INDUSTRY HEAVYWEIGHT IBM has handed its Lotus Symphony office suite over to the Apache Foundation in a move that mirrors Oracle's decision with Openoffice.
IBM's Lotus Symphony office suite is built on top of Openoffice foundations with the firm making a number of under the hood and user interface changes. Rob Weir, an ODF architect at IBM told the Openoffice developer mailing list that IBM will contribute the standalone version of Lotus Symphony to the Apache Openoffice.org project under the Apache Foundation.
Weir told the mailing list that IBM will continue to work with the project in order to bring forward an Apache Openoffice.org release date. Weir also pointed out that work will have to be done to decide whether the work IBM has put into changing the user interface from the stock Openoffice interface will be kept.
Finally, Weir said that IBM will be proposing a new project, the Open Document Foundation Toolkit. The project will have Java libraries that will allow "new kinds of lightweight document processing applications". According to Weir "this would work well as an Apache project, and we look forward to moving that into incubation and developing that complementary project forward".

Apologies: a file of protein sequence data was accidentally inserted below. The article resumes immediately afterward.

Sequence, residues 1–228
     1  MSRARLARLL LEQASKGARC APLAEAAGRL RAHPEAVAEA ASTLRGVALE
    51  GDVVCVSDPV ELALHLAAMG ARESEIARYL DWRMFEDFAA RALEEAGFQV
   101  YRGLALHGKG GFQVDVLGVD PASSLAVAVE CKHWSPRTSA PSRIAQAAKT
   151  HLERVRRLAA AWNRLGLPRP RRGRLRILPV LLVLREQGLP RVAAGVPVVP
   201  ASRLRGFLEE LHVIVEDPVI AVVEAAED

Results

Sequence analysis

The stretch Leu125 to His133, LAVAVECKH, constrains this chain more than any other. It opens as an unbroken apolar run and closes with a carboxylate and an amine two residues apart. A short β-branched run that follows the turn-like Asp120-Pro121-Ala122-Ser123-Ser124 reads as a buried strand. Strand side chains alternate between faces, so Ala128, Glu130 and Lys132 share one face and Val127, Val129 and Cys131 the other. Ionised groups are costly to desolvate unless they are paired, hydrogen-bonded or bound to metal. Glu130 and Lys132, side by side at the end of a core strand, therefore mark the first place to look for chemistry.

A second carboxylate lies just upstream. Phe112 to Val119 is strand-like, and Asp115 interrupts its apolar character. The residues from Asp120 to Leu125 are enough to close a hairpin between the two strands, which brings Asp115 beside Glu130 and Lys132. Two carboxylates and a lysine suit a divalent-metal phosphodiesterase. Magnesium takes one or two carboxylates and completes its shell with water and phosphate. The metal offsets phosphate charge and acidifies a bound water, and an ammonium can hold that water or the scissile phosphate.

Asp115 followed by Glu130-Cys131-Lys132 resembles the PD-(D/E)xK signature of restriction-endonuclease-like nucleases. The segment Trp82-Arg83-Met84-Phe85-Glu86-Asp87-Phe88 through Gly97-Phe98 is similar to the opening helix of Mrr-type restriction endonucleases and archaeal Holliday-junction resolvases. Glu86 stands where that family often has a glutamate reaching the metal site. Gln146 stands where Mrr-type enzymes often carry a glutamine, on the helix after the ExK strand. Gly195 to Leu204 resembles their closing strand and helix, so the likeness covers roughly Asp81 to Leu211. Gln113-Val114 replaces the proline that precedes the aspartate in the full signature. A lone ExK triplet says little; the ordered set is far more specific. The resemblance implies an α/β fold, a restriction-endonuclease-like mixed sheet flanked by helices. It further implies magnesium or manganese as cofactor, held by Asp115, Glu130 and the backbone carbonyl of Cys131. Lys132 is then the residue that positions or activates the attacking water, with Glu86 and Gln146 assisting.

After Oracle's debacle with Openoffice, which ended with the company donating it to the Apache Foundation, it is good to see IBM doing the same with its Lotus Symphony suite. It also reassures Lotus Symphony users that their office suite isn't suddenly going to become expensive closed source software overnight.
The problem from both IBM and Oracle's point of view is that Oracle's widely publicised wavering over Openoffice has given Libreoffice the perfect kickstart and it's now the default office suite on Fedora, Mandriva and Ubuntu Linux distributions. Nevertheless, with Openoffice and Lotus Symphony both under the Apache Foundation's spell, it won't be too long before an Apache Openoffice hits the download mirrors. µ
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